Photos: Rosa Campos

Models: María wears a size 48 and is 1,65 m. Laura is wearing size 38 and is 1,78 m.

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This September, Pauline Alice is 10 years old! I can’t believe how fast that went… So a huge THANK YOU for accompanying me and sewing my patterns during all these years!

I thought I would celebrate this anniversary with you by sharing a new sewing pattern. Meet the ONIL blouse! A simple square neck blouse with gathered sleeves, and best of all: it’s FREE!

The pattern file includes the instructions (in English, French and Spanish), an A4 format to be printed at home, an A0 format for the printer and a now, a new projector file format!

I hope you’ll have fun making the Onil blouse yours. Feel free to modify the pattern, make it one, two or more times, change the length… Its simple shape is perfect for that: plain fabric, printed fabric, everything goes! I’m looking forward to see all your Onil blouses.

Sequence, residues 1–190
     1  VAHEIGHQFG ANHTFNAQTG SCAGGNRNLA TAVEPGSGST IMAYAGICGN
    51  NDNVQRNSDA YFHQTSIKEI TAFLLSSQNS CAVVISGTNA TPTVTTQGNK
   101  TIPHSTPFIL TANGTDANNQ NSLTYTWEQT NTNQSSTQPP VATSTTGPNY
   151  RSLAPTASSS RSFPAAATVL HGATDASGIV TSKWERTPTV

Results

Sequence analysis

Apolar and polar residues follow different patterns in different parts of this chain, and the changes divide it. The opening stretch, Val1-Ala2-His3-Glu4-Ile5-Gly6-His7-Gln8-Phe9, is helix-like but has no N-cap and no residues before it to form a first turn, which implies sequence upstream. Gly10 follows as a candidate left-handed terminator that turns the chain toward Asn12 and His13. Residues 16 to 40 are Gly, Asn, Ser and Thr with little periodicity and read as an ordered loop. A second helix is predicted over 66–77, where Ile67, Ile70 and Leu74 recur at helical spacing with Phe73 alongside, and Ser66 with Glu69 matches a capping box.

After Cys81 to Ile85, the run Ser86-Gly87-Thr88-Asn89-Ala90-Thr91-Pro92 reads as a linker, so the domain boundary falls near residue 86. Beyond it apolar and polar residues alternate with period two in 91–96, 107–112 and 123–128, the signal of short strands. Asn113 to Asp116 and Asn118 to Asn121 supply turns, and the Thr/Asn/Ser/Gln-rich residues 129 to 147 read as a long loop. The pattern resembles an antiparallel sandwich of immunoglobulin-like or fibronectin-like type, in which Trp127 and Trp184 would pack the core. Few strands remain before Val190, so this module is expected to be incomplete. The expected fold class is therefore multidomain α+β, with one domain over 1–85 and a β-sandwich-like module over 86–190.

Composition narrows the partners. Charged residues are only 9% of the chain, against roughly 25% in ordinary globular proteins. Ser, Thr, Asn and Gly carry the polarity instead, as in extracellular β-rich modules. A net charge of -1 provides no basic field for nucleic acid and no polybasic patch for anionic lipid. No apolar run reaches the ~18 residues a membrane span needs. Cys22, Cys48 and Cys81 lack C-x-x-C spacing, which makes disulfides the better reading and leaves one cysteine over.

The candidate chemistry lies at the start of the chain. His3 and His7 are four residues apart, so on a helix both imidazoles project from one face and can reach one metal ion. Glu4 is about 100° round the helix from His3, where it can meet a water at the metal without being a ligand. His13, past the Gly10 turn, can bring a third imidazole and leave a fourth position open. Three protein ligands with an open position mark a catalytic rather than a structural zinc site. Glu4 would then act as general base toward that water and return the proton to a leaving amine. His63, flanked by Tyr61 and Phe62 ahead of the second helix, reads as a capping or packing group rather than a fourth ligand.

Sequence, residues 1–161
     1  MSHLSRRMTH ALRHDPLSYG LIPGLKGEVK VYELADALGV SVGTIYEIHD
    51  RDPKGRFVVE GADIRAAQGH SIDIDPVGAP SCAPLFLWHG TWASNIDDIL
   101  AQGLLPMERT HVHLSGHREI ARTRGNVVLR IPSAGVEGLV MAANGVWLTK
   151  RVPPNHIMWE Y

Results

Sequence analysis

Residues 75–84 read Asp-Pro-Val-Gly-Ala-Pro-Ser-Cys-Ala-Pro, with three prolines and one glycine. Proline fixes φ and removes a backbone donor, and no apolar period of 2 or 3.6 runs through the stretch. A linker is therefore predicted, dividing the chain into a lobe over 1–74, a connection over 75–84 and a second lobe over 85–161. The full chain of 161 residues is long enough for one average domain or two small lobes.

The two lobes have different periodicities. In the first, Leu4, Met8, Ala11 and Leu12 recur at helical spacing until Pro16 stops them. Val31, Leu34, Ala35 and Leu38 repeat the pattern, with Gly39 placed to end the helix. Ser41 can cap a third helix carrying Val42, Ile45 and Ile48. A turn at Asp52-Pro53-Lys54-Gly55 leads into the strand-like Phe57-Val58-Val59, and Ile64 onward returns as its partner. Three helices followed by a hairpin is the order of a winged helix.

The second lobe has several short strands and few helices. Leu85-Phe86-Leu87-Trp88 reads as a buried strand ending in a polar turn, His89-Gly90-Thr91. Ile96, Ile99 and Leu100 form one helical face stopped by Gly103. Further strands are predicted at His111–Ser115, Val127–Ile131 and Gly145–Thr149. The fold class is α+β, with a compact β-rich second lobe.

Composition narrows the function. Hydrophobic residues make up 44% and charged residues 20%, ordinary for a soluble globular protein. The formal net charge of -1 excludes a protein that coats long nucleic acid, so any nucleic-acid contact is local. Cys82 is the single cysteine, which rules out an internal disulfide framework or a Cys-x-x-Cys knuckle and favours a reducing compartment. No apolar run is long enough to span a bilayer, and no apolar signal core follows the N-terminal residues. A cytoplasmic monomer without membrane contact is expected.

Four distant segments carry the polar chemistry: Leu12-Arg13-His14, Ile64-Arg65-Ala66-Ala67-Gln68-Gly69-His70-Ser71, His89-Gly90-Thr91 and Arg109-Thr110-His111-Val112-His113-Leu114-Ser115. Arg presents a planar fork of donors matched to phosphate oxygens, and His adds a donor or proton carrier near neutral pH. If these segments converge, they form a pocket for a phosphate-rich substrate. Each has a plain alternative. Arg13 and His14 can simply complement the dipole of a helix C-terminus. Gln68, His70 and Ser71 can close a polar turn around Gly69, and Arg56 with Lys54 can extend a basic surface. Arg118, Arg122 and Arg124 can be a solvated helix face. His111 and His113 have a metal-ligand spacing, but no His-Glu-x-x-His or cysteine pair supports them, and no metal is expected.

Get the Onil blouse pattern here: ONIL
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Today, not 1 but 2 patterns are coming out! I started working on the Russafa jacket last summer and very quickly the idea came to me to make a mini version for my children. When the mini collection came out, I was asked a lot for children’s sizes in addition to the baby ones.

The Russafa jacket is available in an adult version from size XS to XXL (as with Serra and Maritims, it is also suitable for men) and in a child version from size 2 to 12 years old. With its short and wide shape, it is inspired by the denim jackets of the 50s (I am thinking of the Levi’s type 1 and 2 jackets in particular). I kept the key detail of these models, the pleats on the front of the jacket, which could be unstitched to give more volume if necessary.

You will find all the details of a denim jacket in Russafa: the flat felled seams (which can just as well be changed to faux flat felled seams in the instructions), the lapel collar, the sleeve slits and its buttoned cuffs. But Russafa also has large pockets on the front, perfect for keeping your phone, keys, wallet… There is also a small patch pocket on the right side of the chest. Its back is embellished with pleats and a tightening buckle tab (only for the adult version).